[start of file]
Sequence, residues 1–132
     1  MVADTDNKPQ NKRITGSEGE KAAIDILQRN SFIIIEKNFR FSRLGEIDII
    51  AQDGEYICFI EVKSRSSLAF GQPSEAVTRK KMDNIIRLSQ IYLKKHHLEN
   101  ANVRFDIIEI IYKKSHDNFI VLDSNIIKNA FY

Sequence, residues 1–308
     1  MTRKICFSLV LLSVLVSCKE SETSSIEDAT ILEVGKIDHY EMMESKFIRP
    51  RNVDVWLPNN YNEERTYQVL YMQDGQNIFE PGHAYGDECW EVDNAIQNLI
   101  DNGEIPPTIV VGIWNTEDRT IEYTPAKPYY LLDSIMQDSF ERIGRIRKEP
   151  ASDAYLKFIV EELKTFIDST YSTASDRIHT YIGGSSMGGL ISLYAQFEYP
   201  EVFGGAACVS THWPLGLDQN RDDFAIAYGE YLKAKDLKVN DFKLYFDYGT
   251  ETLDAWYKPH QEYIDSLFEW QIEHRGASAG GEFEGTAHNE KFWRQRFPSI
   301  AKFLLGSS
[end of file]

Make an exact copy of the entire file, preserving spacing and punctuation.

Sequence, residues 1–132
     1  MVADTDNKPQ NKRITGSEGE KAAIDILQRN SFIIIEKNFR FSRLGEIDII
    51  AQDGEYICFI EVKSRSSLAF GQPSEAVTRK KMDNIIRLSQ IYLKKHHLEN
   101  ANVRFDIIEI IYKKSHDNFI VLDSNIIKNA FY

Sequence, residues 1–308
     1  MTRKICFSLV LLSVLVSCKE SETSSIEDAT ILEVGKIDHY EMMESKFIRP
    51  RNVDVWLPNN YNEERTYQVL YMQDGQNIFE PGHAYGDECW EVDNAIQNLI
   101  DNGEIPPTIV VGIWNTEDRT IEYTPAKPYY LLDSIMQDSF ERIGRIRKEP
   151  ASDAYLKFIV EELKTFIDST YSTASDRIHT YIGGSSMGGL ISLYAQFEYP
   201  EVFGGAACVS THWPLGLDQN RDDFAIAYGE YLKAKDLKVN DFKLYFDYGT
   251  ETLDAWYKPH QEYIDSLFEW QIEHRGASAG GEFEGTAHNE KFWRQRFPSI
   301  AKFLLGSS